The United Nations projects the world population to reach 9.7 billion people by the year 2050; the rate of urbanization of the past decade was unprecedented. Mankind’s insatiable demand for energy cannot be overlooked. From 1973 to 2016, the proportion of the world’s energy generated using natural gas increased from 12.1% to 23.2%. Natural gas has always been a huge part of energy generation throughout the years, and there are many diverging opinions of its use. This article will discuss the pros and cons of using natural gas as a means of producing electrical power from an ethical standpoint.
We Want Energy!
Many countries have recently announced a policy shift to increase the use of natural gas for power generation because it is the cleanest fossil fuel. Natural gas is considered environmentally friendly as it emits the lowest greenhouse gases, such as CO2 and NOx, per kWh of energy produced. In addition, combusting natural gas doesn’t produce ash or particulates that can cause health problems. Natural gas is one of the cheapest fossil fuel and highly efficient when used in a combined cycle gas turbine. The introduction of liquefied natural gas resulted in improved storage, enabling it to be economically transported to almost anywhere on the globe.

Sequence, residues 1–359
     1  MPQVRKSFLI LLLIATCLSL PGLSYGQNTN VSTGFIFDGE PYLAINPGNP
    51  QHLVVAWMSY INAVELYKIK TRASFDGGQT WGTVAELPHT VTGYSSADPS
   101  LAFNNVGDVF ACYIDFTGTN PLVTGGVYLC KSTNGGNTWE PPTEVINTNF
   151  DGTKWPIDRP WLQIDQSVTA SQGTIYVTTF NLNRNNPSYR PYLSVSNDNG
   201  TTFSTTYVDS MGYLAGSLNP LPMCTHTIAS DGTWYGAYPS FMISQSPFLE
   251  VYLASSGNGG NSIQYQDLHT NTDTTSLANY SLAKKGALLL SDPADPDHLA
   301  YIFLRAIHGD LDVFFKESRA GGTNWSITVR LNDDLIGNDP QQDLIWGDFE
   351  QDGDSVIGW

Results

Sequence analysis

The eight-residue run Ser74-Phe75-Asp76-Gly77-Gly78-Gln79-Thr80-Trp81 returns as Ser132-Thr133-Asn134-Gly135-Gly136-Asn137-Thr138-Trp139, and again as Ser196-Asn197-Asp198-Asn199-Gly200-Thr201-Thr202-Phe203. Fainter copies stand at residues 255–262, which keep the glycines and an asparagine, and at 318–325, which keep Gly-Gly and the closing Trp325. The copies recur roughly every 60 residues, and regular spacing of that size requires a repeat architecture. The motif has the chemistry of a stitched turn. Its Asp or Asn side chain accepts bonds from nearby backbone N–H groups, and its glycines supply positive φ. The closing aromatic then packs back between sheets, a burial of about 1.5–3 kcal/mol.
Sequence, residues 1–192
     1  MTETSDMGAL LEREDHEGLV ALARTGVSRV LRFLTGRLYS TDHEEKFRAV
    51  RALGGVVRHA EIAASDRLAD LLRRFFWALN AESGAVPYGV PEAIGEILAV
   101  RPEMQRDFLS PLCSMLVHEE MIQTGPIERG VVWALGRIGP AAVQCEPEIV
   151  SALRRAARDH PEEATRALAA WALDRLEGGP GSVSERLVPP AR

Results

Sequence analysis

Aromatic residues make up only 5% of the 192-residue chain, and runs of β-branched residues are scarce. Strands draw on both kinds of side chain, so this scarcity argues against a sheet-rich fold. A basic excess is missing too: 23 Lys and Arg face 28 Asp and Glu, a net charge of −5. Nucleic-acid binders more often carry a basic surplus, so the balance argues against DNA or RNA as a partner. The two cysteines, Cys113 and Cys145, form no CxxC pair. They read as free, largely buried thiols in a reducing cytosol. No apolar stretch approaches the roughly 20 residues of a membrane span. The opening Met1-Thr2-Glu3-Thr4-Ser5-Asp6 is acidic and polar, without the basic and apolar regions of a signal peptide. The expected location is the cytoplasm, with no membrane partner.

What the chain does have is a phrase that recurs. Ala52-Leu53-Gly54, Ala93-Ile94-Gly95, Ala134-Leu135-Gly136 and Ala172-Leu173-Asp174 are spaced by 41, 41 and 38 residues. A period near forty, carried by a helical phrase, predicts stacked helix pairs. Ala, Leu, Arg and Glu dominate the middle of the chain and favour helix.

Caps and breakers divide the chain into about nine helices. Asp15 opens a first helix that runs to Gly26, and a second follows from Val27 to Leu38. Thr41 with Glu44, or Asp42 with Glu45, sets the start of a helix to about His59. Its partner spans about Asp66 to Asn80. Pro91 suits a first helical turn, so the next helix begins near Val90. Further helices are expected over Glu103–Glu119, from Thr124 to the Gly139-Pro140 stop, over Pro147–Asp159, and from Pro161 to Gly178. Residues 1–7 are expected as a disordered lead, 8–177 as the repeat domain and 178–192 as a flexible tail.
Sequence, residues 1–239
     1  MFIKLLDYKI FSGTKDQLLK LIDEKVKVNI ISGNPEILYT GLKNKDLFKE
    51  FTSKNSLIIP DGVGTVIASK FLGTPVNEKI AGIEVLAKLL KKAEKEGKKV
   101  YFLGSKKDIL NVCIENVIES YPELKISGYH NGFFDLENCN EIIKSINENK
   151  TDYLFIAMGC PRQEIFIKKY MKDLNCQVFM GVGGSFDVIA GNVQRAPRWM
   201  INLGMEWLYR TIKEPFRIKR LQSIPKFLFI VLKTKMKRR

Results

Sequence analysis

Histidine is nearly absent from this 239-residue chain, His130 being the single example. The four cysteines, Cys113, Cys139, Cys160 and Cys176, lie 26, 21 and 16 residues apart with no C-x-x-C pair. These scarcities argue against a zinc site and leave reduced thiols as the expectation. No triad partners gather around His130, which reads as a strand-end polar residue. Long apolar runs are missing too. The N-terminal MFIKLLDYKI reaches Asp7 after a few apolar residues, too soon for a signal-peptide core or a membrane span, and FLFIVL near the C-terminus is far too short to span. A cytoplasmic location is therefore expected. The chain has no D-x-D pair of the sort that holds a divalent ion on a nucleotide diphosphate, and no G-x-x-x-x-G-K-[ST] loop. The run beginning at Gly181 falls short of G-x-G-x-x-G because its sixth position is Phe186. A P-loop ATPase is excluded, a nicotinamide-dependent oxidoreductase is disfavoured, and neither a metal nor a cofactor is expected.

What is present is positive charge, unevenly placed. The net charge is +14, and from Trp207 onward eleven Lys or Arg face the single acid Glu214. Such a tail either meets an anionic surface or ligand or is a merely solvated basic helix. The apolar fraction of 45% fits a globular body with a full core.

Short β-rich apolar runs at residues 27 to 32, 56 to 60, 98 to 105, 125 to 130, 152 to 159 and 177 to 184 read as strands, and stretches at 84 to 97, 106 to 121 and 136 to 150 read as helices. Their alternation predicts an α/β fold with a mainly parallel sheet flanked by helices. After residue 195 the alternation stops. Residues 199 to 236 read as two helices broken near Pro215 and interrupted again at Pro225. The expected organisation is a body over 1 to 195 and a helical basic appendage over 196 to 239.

If natural gas is omitted from the world energy mix, no other power generation source could fill that energy void. Coal-fired power has been notorious for its high CO2 emissions, which contribute heavily to global warming and climate change. Some European countries plan to phase out coal-fired power completely, including France by 2023, the UK by 2025 and Finland by 2030. If we were to completely rely on nuclear power, we have to build approximately one nuclear power station per day for the next 30 years in order to accommodate the growing energy demand. Furthermore, the sole use of nuclear energy would result in significant amount of radioactive waste products that have detrimental effects to the environment. Despite renewables being carbon free, they are not efficient enough and too costly to supply the world energy demand. The increase in the usage of biomass for power generation would likely lead to higher food prices, which in turn may result in higher famine rates in the developing world. In order to ensure a reliable and uninterrupted electrical supply, natural gas has to be included in the world energy mix. Therefore, from a utilitarian perspective, the use of natural gas for power generation brings the greatest happiness for the greatest number of people, and thus it is ethical.
Natural gas fired power plants can be integrated with Carbon Capture and Storage (CCS) to reduce CO2 emissions. However, this has not attained high levels of commercial attention due to the high energy penalty from the carbon capture unit. With the recent emergence of technologies such as Exhaust Gas Recirculation (EGR) and Selective-EGR (S-EGR), natural gas fired power plant with CCS could be more feasible.